I love writing and I don't see that ever changing.  I completely believe we all have gifts to bring to this world.  For me, one of my strongest gifts is writing.  The seeds have been there all along.  I loved libraries as a child, I took Honors English in high school, loved mythology and fantasy always.  I was reading books like "Clan of the Cave Bear" at 10 and 11 years old.  Things I probably shouldn't have been reading but nevertheless did.  One of my greatest possessions is an autographed copy of "Plains of Passage" by Jean M. Auel that my dad got for me many, many years ago and I still treasure it to this day.  Turns out he is a writer too. 

I have no idea where my writing will take me, but I do know it is the work of my heart.  My brother paints pictures with brushes and I paint pictures with words.  The scenes unfold in my mind and my job is to write them down.  So simple, but so very hard.  If it was easy, everyone would have written that book they keep talking about.  Me, I hope I'm writing novels until I'm 89. 



The Untethered Soul

I've been reading this book, called "The Untethered Soul", by Michael A. Singer.  This book came to me by way of Marie Forleo (  She is one of my spiritual "teachers" though we have never met.  In a recent email, she recommended this book as one of her top three.  I had no idea who Michael Singer was, or thought I didn't.  But then, of course, as soon as I looked him up, I recognized having watched him on one of Oprah's Super Soul Sessions.  

Today also happens to be Mother's Day.  I lost my mom in December of 2004, the 21st to be exact.  I miss her terribly, of course.  But she was also an incredible gift to me.  After reading, Chapter 13 in this book, entitled "Far, Far Beyond", I understand better what I mean when I say she was a gift.  Not just in her life, but also in her death.  This is not an easy conclusion for me to come to, and it has taken me years of internal work to be able to step back and objectively see her life in this way.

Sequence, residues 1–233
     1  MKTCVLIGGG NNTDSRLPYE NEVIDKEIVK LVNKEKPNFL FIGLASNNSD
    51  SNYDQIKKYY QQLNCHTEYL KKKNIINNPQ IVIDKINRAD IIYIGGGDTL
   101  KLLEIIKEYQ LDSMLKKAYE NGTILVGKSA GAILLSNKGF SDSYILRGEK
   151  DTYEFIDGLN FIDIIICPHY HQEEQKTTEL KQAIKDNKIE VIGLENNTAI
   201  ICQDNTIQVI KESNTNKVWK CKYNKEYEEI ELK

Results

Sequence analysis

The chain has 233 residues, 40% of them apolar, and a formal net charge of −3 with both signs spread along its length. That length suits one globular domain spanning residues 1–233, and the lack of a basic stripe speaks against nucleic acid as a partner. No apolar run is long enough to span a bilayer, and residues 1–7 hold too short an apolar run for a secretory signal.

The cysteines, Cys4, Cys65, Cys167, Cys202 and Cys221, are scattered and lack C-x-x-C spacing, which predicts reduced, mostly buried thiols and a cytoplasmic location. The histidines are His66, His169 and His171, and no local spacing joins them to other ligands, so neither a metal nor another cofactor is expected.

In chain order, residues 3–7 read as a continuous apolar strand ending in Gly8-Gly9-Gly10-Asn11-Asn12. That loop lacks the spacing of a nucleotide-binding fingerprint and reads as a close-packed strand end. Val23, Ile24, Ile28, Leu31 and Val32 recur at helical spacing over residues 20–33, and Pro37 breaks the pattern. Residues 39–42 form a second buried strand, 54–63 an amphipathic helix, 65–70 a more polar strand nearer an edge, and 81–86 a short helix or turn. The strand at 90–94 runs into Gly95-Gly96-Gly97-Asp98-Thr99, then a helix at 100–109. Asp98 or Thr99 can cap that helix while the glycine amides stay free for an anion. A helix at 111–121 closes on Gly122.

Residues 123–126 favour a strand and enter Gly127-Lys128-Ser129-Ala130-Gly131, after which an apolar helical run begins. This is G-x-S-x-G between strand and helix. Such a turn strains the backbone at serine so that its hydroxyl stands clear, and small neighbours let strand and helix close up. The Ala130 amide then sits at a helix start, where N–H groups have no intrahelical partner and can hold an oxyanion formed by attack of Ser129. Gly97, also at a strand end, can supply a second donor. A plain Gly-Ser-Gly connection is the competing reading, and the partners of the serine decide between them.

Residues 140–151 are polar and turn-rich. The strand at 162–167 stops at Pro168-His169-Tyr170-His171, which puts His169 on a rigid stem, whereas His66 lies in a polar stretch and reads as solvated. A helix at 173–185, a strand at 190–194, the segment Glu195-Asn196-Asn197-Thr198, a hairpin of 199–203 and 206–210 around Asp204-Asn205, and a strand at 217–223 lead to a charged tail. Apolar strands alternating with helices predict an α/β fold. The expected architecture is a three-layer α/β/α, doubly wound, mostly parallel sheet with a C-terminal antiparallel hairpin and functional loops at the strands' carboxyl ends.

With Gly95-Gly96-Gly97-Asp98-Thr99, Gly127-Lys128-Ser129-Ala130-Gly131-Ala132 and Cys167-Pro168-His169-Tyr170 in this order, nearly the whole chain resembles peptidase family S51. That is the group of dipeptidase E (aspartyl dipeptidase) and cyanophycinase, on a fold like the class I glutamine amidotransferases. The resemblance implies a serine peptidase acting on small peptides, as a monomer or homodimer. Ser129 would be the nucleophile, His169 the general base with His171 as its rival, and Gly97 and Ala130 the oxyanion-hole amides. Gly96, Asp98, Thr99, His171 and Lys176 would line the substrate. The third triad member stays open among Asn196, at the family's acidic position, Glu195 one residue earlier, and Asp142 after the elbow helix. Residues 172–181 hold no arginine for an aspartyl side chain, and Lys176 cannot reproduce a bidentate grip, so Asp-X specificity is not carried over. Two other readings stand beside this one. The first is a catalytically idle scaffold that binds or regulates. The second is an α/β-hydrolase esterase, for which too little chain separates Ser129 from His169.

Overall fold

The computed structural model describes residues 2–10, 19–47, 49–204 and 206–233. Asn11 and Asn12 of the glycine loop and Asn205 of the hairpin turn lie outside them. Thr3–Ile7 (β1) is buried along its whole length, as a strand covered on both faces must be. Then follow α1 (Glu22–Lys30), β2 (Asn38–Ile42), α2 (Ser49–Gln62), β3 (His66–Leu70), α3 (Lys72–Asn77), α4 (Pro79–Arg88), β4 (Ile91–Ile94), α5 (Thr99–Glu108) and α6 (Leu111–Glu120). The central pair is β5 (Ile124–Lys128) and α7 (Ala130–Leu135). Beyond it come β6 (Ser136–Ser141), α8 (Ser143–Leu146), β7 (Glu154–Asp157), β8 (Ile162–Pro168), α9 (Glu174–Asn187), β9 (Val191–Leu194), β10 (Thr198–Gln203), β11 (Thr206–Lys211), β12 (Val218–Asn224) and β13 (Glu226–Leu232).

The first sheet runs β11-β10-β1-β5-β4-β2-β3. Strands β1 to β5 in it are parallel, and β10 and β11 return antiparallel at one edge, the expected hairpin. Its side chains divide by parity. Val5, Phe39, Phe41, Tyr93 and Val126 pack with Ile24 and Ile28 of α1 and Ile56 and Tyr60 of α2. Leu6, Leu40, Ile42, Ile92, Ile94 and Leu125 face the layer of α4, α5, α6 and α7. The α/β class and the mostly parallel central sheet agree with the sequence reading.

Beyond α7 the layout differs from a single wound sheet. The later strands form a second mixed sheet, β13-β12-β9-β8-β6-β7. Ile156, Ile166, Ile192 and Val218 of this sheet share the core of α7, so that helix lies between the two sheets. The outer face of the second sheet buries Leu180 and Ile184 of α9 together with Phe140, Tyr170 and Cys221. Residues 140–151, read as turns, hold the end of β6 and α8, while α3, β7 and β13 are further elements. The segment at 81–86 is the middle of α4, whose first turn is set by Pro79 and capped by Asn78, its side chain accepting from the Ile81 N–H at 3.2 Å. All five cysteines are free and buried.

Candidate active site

What my mother's death did for me was send me out in the beyond.  Everything I thought I knew simply fell apart and I knew nothing would or could ever be the same again.  If she had not left, I am not sure I would have become the person I am today because I had no choice.  All the things that used to work didn't anymore, and I had to reconfigure my entire life.  If she were still here, I am truly not sure that would have happened. 

Michael Singer says, "Going beyond means going beyond the borders of the cage.  There should be no cage.  The soul is infinite.  It is free to expand everywhere.  It is free to experience all of life. This can only happen when you are willing to face reality without mental boundaries.  If you still have barriers, and you know what they are because you hit them every day, you must be willing to go beyond them.  Otherwise you remain within your cage.  And remember, decorating your cage with beautiful experiences, fond memories and great dreams is not the same as going beyond.  A cage by any other name is still a cage."